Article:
The years following World War I in the United States saw devastating race riots around the nation, in cities small and large. But the 1921 Tulsa race riot, a 24-hour rampage by white Tulsans, was one of the most vicious and intense race riots in American history before or since, resulting in the death of anywhere from 75 to 250 people and the burning of more than 1,000 black homes and businesses. Although the city’s white leaders assured the nation’s press that restitution and reconciliation would be forthcoming, other whites denied any responsibility for the carnage. In an article in the magazine Survey, Amy Comstock, personal secretary to the editor of the Tulsa Tribune, attempted to deflect attention from Tulsa’s white citizenry by fixing blame for the 1921 riot on an ostensibly impoverished and licentious black community. Comstock argued that the responsibility for improving conditions, and for enforcing law and order, in this bustling community rested with white officials.
The causes that culminated in the recent race riot in Tulsa are not different from those that prompted similar eruptions in Chicago, Washington, East St. Louis and Springfield, Ill., except that it is possible that Tulsa may have been more indifferent about law enforcement than these older cities. Certainly lack of law enforcement was in no small part a contributing factor.
Tulsa is new. Its newness excuses it to some modified extent for its failures. You cannot build a city of a hundred thousand people in a span of fifteen years without a heavy load of construction cost. Most cities grow slowly. Tulsa grew fast. When pavements and sewers, water and gas mains are all laid in a few years, to say nothing of school and public buildings, the tax rates climb high. In the hurried construction of Tulsa that section which was known as “Niggertown” was pretty much neglected. Before this Negro district was burned you would have seen an offensive sight had you come into Tulsa on the Santa Fe. Improvised shanties abounded with out-houses standing on stilts, and yards in conspicuous disorder. There were water mains through the section for fire prevention purposes, but all inadequate, and of sewers there were none.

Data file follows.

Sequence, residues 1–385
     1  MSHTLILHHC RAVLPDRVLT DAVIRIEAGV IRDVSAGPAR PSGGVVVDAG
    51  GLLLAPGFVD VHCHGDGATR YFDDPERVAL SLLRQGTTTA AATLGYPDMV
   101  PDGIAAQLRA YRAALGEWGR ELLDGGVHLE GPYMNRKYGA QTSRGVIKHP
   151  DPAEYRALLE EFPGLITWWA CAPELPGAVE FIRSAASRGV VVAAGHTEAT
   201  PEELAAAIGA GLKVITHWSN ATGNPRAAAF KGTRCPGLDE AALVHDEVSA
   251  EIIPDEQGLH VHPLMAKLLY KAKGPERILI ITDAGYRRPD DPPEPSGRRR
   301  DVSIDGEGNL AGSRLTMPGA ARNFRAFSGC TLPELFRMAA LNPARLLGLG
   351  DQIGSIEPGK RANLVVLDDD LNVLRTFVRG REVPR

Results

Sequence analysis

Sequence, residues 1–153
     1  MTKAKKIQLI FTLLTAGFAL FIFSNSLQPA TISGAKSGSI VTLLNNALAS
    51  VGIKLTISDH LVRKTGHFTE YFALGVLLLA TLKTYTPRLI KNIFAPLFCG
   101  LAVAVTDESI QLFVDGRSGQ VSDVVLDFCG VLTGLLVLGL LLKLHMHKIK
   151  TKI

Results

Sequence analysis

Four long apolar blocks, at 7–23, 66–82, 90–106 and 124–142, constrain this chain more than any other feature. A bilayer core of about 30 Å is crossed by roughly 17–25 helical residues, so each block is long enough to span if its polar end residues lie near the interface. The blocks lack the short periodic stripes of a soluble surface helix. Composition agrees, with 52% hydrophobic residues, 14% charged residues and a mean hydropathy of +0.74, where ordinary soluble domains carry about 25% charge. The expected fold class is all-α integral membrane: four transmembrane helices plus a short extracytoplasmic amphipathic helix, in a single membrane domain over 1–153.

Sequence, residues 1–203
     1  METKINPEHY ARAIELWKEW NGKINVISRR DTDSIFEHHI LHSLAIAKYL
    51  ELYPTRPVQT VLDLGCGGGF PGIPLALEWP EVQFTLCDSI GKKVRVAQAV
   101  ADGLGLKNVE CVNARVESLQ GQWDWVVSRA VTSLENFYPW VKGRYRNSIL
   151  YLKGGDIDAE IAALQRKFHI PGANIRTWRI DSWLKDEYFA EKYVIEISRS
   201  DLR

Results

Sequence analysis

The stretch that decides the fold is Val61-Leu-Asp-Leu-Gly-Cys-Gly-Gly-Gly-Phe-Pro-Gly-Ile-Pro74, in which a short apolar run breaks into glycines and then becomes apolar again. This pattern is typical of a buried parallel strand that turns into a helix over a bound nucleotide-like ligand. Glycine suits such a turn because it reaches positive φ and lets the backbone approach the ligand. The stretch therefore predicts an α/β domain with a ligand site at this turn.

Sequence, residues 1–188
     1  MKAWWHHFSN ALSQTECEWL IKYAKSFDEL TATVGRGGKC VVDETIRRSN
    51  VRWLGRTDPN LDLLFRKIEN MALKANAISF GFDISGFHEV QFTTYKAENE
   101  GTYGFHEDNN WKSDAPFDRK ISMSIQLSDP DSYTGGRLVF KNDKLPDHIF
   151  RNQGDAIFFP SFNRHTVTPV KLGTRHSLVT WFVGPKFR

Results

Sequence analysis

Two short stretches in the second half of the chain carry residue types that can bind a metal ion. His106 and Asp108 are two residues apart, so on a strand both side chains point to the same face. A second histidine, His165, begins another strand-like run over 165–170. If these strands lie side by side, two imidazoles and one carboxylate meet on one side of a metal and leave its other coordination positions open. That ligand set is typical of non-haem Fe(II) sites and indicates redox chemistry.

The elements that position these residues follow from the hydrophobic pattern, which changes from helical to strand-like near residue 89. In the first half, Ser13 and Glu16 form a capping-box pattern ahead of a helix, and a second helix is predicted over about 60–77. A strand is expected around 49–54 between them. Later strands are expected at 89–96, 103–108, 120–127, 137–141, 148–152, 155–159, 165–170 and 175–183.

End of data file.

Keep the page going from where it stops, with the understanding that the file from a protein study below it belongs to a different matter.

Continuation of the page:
Here the colored child had at best a poor start. His outlook on life was anything but bright or aesthetic. He lived a long way from his white neighbors where things were better. He knew another world. The conditions under which he lived were a constant menace to the health of the city. But that was the condition that prevailed in Washington right under the shadow of the capitol of the nation.
It is doubtful if you can make a good citizen in a thoroughly bad and sordid environment. If resentment is not fostered a disregard for law and order is sure to be. It is not so much a matter of “social equality” which the childlike Negro mind at times indulges in with foolish day-dreams. It is a matter of physical fitness to live.
But the city does not meet its problem by merely providing better sanitary conditions, as Tulsa failed to do. It must school the Negro how to use and appreciate and better his living conditions when better agencies and instruments are brought to him for that end. This also, in common with most of our other cities, Tulsa failed to do.
Tulsa is in the heart of a great wheat country. In addition it is an important lead and zinc city; and above all this it is the oil capital of the world. In a decade and a half it has grown from an Indian trading village into a miniature metropolis and has the greatest per capita wealth of any city in the world. It is the heart of an Eldorado. People have not come to Tulsa for climate or for scenery but to be producers of bulk commodities that the world wants. They have come to make money. Tulsa has gone through her argonaut days. Everybody has been busy, so to speak, with his own pick and pan, and the civic sense of the city has slumbered. This disaster has shaken the conscience of the citizens into action.